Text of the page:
Kate Holl, SNH Woodland Adviser, recently visited a tiny island off the west coast of Scotland. The island has no herbivores such as deer, allowing the plantlife to grow wilder than anywhere else in Scotland!
On a perfect summer’s morning earlier this year I set off to visit the tiny island of Eilean nam Meann, off Port Ramsay on the Isle of Lismore that woodland ecologist Neil Mackenzie had told me about last year. Unlike most of the rest of Scotland, there are no deer on this island. The local resident sheep are well managed and do not have access.
Eilean nam Meann itself is little more than an offshore rock, but as you can see from the picture above it is crowned with woodland. Lying as it does in the inter-tidal zone, it is cut off from the main island twice a day by the sea, and so we had to wait until low tide when the sea receded sufficiently for us to cross over to the island.
We knew we had only a few hours before the tide would turn and start coming in again, and not actually wanting to be stuck on the island for 12 hours (!) we scuttled across the mud and clambered over the seaweed clad rocks up to the woodland edge. As you can see from the picture below, we were confronted with an almost impenetrable mantel of thorn scrub encircling and protecting the woodland.
Bramble, hawthorn and dog rose thorns tore at our clothing as we pushed through and fell into the cool green interior of the woodland. As our eyes accustomed to the light we were amazed at what we saw, for the woodland opened up to reveal a beautiful green sanctuary carpeted with wild flowers: bluebell, pignut, wood anemone, sanicle, primrose, bugle, yellow pimpernel, herb robert, wild garlic, stitchwort all in flower, together with dozens of lovely twayblade orchids:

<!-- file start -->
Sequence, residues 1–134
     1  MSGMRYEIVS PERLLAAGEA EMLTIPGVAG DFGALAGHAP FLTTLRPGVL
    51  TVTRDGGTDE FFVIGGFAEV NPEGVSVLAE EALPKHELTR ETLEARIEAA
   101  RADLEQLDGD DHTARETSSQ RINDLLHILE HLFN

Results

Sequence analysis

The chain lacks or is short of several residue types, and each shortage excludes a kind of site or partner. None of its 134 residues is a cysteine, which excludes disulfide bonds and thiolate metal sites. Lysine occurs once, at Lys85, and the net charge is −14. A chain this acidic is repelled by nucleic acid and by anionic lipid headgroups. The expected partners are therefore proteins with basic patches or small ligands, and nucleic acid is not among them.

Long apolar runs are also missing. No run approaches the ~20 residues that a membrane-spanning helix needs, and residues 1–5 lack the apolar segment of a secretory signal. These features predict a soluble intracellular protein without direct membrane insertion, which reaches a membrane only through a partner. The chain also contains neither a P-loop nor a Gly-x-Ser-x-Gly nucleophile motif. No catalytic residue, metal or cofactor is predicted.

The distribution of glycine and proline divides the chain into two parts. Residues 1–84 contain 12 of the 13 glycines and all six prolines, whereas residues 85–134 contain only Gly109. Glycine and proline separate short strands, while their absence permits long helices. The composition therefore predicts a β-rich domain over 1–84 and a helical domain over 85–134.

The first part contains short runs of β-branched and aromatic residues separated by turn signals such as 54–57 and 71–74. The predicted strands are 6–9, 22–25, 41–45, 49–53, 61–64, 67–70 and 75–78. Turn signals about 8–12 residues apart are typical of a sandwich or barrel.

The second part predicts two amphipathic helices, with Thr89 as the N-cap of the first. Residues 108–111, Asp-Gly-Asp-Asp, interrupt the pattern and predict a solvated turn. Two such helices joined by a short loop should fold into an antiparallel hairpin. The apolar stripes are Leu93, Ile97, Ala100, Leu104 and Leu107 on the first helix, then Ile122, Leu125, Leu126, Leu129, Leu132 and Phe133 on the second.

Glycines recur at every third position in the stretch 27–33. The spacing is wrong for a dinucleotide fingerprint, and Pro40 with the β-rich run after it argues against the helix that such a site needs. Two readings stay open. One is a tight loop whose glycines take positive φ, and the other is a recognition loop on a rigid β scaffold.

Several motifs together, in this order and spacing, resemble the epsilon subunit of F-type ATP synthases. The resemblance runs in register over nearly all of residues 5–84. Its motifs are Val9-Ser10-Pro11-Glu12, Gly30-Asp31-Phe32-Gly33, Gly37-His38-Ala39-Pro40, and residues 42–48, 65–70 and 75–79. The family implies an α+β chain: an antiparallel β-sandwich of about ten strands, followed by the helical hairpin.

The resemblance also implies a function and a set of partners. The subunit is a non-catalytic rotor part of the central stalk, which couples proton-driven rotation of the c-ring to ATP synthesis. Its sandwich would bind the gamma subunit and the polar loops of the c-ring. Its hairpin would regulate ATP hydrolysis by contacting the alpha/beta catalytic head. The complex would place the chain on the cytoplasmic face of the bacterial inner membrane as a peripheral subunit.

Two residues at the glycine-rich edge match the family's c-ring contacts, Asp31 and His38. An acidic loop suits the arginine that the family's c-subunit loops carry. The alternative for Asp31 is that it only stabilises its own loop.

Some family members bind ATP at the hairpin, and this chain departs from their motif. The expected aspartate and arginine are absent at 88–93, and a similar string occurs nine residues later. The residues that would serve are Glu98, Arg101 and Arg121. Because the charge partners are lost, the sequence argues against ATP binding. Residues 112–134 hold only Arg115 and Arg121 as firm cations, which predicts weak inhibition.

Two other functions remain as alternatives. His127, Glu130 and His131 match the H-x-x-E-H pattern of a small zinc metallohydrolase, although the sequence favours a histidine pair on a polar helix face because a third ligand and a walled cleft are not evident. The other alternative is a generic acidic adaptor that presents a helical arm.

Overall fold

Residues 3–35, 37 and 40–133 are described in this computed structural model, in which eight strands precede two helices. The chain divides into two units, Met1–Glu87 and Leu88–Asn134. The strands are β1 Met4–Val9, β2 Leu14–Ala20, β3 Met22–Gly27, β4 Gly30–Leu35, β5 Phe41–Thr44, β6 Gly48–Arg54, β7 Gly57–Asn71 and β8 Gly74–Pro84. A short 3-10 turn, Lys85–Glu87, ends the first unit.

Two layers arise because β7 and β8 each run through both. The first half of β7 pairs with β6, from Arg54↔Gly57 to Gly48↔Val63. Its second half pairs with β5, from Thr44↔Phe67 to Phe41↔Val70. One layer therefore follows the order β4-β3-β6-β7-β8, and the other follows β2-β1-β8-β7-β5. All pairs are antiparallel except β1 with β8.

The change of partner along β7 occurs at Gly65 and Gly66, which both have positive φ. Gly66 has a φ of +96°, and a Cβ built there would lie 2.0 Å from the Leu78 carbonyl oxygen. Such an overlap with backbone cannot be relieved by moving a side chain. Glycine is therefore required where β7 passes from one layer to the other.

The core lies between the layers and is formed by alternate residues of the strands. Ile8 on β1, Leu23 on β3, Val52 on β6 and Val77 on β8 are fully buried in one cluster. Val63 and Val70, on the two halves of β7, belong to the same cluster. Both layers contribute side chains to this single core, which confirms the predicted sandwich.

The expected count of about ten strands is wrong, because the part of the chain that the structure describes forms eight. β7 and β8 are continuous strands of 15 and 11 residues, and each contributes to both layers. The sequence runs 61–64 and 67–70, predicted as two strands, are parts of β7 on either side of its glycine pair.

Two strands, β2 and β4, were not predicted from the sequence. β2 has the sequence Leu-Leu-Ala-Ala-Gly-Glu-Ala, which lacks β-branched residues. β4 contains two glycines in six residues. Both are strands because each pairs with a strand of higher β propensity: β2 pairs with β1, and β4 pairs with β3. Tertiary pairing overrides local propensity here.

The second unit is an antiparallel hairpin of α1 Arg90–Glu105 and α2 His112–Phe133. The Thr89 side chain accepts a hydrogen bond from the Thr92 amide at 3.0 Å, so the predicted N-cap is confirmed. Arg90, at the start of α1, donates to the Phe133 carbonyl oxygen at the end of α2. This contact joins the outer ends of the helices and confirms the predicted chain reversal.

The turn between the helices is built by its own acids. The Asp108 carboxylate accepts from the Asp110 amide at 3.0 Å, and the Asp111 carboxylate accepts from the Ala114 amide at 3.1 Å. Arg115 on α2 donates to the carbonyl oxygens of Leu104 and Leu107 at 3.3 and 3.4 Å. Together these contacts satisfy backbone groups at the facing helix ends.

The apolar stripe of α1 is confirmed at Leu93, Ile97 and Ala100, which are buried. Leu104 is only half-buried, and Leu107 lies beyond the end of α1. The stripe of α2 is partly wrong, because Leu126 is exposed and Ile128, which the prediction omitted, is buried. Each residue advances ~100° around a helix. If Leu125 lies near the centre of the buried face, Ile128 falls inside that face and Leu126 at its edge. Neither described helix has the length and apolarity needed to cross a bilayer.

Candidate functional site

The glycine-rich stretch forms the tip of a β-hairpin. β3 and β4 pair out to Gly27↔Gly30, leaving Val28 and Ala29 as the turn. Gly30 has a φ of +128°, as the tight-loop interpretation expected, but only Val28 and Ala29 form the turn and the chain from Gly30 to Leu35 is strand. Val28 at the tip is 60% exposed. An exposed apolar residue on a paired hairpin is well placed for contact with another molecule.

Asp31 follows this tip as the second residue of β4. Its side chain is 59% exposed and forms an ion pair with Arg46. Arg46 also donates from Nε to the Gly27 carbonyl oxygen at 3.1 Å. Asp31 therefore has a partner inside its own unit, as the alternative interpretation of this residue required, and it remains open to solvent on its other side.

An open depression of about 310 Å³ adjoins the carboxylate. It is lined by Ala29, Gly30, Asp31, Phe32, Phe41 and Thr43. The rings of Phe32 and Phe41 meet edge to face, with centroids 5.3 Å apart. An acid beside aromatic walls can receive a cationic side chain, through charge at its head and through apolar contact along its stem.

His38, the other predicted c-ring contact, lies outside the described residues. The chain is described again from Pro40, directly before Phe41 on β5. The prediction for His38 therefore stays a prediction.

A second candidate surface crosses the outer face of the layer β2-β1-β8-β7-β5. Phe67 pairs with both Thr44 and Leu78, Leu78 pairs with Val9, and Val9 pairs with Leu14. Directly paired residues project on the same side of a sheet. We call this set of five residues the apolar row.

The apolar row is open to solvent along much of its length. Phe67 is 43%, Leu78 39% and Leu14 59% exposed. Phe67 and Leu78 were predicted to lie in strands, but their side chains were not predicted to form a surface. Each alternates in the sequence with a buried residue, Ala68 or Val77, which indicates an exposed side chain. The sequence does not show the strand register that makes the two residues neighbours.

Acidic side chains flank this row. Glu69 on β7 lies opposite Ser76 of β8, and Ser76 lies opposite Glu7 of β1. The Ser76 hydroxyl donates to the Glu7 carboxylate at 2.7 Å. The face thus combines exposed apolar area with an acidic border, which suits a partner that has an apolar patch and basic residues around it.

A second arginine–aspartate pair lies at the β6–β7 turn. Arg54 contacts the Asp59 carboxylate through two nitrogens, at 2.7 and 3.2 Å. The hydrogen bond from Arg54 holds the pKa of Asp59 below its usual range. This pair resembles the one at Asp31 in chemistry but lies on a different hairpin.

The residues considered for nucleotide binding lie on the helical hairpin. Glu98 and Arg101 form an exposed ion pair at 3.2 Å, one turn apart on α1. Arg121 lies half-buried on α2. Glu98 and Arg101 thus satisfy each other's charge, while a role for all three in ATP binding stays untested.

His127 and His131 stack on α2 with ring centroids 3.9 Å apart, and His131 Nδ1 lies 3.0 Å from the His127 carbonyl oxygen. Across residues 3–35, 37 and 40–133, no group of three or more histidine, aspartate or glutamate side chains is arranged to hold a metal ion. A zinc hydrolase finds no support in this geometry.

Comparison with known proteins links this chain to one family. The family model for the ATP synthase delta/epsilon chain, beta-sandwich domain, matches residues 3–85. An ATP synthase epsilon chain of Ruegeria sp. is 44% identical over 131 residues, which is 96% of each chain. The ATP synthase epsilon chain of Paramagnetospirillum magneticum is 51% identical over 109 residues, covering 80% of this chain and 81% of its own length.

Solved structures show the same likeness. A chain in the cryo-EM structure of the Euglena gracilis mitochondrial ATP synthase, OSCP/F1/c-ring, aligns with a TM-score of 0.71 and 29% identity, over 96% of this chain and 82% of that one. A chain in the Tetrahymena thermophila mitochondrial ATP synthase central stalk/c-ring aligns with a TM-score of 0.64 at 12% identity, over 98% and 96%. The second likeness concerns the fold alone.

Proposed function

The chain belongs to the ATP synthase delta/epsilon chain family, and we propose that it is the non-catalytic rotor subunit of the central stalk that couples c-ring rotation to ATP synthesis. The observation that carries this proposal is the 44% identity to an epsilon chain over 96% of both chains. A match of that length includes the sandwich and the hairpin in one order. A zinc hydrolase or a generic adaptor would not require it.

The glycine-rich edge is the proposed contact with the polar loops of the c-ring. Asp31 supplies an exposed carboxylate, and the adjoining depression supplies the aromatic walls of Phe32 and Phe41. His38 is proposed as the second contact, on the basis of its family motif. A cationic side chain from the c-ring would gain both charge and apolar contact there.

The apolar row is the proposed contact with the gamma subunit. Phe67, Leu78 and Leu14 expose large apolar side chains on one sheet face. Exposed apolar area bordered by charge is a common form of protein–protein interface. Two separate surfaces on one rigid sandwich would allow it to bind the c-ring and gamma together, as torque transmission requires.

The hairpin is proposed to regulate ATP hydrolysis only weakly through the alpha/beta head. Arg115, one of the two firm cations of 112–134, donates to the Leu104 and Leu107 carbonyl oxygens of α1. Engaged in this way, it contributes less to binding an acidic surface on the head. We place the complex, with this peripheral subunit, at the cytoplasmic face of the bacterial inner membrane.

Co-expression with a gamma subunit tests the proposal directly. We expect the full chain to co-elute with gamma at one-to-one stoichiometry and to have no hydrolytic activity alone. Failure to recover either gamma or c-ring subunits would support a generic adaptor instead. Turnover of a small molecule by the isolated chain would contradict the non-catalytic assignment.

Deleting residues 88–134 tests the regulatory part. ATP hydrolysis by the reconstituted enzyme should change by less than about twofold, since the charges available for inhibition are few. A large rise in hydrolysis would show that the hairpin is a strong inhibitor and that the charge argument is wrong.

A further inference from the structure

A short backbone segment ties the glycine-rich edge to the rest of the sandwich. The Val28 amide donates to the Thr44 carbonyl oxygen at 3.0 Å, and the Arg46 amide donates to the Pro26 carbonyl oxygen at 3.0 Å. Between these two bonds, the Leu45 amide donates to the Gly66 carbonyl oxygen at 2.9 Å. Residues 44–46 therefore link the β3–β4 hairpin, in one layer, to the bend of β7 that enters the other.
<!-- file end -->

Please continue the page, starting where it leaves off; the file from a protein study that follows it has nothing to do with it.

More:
Climbing plants such as ivy and honeysuckle, absent from most Scottish woods because grazing animals find them so good to eat, have pulled themselves up into the canopy where they can flower and fruit.
The woodland itself was mainly comprised of hazel with ash, and occasional oak, with holly, hawthorn and sycamore, all of which (apart from the oak) were regenerating prolifically under the canopy.
What a joy to discover this wood, and to see the proof that, where herbivore numbers are low enough or absent, the flowers and the understorey can develop just like those woods in Iceland, Norway, France and the Isle of Wight that I visited last year. There could indeed be “flowerful” woods in Scotland. It’s just that most don’t ever get the chance, but really, how much more enjoyable would a walk in your local wood be if there were just some more flowers….?
More information about Kate’s Churchill Fellowship and the research she has done into this subject is available here.